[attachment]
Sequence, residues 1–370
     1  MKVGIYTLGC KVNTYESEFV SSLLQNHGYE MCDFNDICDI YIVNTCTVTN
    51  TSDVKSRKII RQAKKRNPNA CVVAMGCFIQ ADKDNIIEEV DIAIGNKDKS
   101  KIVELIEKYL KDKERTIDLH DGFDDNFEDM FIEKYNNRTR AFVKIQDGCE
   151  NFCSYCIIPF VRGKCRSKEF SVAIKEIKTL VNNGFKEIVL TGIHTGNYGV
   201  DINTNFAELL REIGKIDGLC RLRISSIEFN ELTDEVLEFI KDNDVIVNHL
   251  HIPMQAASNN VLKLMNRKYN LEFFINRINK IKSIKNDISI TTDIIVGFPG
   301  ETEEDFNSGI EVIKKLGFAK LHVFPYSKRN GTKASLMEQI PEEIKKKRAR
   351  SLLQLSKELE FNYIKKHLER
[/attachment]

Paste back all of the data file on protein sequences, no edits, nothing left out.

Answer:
Sequence, residues 1–370
     1  MKVGIYTLGC KVNTYESEFV SSLLQNHGYE MCDFNDICDI YIVNTCTVTN
    51  TSDVKSRKII RQAKKRNPNA CVVAMGCFIQ ADKDNIIEEV DIAIGNKDKS
   101  KIVELIEKYL KDKERTIDLH DGFDDNFEDM FIEKYNNRTR AFVKIQDGCE
   151  NFCSYCIIPF VRGKCRSKEF SVAIKEIKTL VNNGFKEIVL TGIHTGNYGV
   201  DINTNFAELL REIGKIDGLC RLRISSIEFN ELTDEVLEFI KDNDVIVNHL
   251  HIPMQAASNN VLKLMNRKYN LEFFINRINK IKSIKNDISI TTDIIVGFPG
   301  ETEEDFNSGI EVIKKLGFAK LHVFPYSKRN GTKASLMEQI PEEIKKKRAR
   351  SLLQLSKELE FNYIKKHLER